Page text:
The last time I rebooted was about 2 months ago. I use my machines for desktops, web servers, FTP servers and even mail.


Quote:
although all services are disabled, no ports opened, even the router(which is another Slackware box) doesn't route any traffic to it unless it is ESTABLISHED,RELATED. And I never had problems with it, I didn't even yet patch the vmsplice bug...
If you had something valuable enough, someone could still get through all that. However, shutting ALL ports, generally does make it harder

Quote:
I do regulary inspect the machine for any odd stuff, run a few MD5 test on the whole thing and it's still clean.
I personally don't use MD5 much. It's crackable anyway, but also to much hassle for me when I really don't need it.

Quote:
While the server is a little bit more exposed, numerous break in attempts, most were brute-force attacks but got it protected from that as well and much more.
Of course they didn't get in; Brute force is a true sign of an amateur and only works on other amateurs (That might sound arrogant, so just so we're clear and on the same page, it wasn't meant to)

Quote:
But I agree that this little script wont secure it much, but hey, all he did really ask was to "translate" the BSD script into a Linux script.
Thanks. And I think the main thing with what I said before was because it said "Securing Slackware" not "translate this from BSD".
 
Old 03-20-2008, 10:57 PM   #9
T3slider
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The "90% market share of PCs run Windows" argument isn't all that valid when you think about it. Web servers are HUGE targets for attacks, and many web servers run Linux. Think about banks etc. Those are HUGE, HUGE, HUGE targets for exploits, and yet you don't hear of as many worms/viruses/whatnot for Linux than Windows. Your argument DOES have merit, however -- there would be many MORE exploits for Linux if it was the desktop of choice, but I still don't think it is quite as vulnerable as Windows, if for no other reason than for the design of root vs user (although there are other reasons). By blurring the line between CLI and GUI, Windows has produced an OS that is very difficult to keep track of let alone make secure, and requires a huge task force to attempt to add security features (re: Vista). Linux, BSD, Mac OS X, Unix, etc. still have a fundamental difference between CLI and GUI, where the GUI is really just a complicated program running on top of a CLI. This is an important distinction and allows security to be implemented easier. That's not to say that a 100% GUI OS cannot be very secure, it just requires a lot more work. I am also not saying that a CLI/GUI OS can't be incredibly insecure -- it can, it's just EASIER to make it MORE secure.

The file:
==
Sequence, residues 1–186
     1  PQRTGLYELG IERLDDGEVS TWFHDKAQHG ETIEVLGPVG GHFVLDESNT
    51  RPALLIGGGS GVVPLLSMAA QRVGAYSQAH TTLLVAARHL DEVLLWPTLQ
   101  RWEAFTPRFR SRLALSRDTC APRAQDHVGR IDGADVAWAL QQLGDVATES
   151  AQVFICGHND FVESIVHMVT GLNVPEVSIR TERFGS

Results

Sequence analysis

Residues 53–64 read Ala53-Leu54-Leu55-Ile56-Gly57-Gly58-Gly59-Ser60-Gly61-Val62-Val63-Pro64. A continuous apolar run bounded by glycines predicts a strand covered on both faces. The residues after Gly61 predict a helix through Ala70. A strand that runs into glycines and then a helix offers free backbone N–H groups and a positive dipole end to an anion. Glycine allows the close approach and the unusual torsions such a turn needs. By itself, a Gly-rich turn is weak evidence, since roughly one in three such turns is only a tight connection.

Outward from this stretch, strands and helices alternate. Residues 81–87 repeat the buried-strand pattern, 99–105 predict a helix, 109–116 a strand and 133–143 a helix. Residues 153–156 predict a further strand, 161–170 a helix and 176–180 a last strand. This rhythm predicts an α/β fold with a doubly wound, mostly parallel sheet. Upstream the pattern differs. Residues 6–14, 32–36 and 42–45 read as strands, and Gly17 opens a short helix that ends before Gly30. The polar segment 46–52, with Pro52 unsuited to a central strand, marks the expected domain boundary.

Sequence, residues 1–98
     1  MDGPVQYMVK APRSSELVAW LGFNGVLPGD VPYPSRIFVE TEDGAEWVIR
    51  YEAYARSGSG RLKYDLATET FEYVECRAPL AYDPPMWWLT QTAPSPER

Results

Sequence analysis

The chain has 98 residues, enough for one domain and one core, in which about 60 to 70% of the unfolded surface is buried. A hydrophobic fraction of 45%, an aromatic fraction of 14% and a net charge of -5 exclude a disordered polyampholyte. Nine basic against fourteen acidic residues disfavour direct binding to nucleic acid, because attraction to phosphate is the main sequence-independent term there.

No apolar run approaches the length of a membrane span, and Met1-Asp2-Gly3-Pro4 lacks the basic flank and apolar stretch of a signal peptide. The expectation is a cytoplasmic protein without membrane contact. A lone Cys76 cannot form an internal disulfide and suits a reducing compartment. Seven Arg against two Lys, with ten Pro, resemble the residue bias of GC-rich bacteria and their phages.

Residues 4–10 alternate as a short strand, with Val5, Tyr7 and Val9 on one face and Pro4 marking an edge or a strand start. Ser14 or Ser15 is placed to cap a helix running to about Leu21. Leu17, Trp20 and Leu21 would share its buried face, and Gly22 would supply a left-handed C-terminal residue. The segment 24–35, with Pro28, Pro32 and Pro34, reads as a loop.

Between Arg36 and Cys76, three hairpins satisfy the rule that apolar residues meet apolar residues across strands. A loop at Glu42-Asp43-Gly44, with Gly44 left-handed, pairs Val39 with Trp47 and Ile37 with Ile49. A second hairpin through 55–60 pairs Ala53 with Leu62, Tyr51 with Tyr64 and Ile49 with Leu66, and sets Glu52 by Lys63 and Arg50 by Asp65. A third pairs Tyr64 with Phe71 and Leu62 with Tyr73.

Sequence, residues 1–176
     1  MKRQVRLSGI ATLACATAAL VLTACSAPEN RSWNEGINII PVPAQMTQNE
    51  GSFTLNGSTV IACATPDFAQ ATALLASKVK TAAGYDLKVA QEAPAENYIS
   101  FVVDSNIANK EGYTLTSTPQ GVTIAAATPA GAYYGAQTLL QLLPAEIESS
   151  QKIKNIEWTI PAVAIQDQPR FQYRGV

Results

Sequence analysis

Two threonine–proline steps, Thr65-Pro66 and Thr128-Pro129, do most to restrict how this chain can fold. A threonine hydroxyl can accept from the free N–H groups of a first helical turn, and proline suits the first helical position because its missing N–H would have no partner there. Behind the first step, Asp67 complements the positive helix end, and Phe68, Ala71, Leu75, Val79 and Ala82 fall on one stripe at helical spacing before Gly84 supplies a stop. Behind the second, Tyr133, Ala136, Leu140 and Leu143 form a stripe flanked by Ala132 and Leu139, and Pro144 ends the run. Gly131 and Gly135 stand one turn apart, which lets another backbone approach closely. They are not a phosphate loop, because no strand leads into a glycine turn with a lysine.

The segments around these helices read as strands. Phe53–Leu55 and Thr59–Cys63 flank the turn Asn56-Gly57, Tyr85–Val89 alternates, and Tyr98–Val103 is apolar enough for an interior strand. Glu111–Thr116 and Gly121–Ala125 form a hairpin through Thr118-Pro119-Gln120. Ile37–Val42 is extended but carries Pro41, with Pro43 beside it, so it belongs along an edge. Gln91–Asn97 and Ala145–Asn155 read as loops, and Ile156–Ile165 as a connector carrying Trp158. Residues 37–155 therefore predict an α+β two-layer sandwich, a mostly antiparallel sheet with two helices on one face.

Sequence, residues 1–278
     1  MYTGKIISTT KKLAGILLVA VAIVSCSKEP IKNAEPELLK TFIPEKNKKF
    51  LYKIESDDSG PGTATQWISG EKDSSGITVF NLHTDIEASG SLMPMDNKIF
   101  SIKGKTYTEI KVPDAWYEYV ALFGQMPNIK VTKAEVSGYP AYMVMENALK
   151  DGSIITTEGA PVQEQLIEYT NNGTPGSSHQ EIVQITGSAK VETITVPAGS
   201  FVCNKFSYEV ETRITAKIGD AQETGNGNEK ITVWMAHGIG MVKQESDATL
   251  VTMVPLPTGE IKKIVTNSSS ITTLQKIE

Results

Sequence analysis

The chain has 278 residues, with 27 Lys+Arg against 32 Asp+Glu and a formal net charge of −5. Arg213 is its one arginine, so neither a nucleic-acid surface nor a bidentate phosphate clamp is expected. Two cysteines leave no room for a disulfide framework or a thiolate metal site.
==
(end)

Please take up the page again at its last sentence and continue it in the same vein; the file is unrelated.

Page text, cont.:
So basically, I agree and completely disagree with you at the same time.
 
Old 03-21-2008, 12:04 AM   #10
SlackWareWolf
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Oh really?

http://www.zone-h.org/content/view/14928/30/

Looks like Linux is being defaced more than Windows now. Why? Because Apache runs more web servers than any other and it's fairly common to put it on Linux.

Therefore, more market share = more attacks.

I'm not saying I don't agree with some of what you said, I agree with quite a bit. However, I'm pointing this out from the standpoint of someone who has actually rooted a server before.

To fully understand this stuff, sometimes you have to play on the other side of the tree.
 
Old 03-21-2008, 05:48 AM   #11
Tux-Slack
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Sure I've rooted machines before too, but all those that I rooted we're old and running really old software, like Slackware 9 when there was already Slackware 11 available and other really old machines, like some Red Hats I don't remember the version but some were around 4-5 or something like it, when there was already Red Hat 8 or 9 available. I never could get a machine with never versions.

I do agree with you though, I know there is some certain % of viruses available for Linux, but Linux has a design which makes it harder to viruses to get through, mainly because no one actually uses root for daily operations, so you infect only your home directory, the system stays stable. And another thing, Linux does have less % of people who use it, but most of all its users are more advanced, more elite if you like it that way. But as Linux becomes more user friendly more "click-click" users migrate from windows to Linux.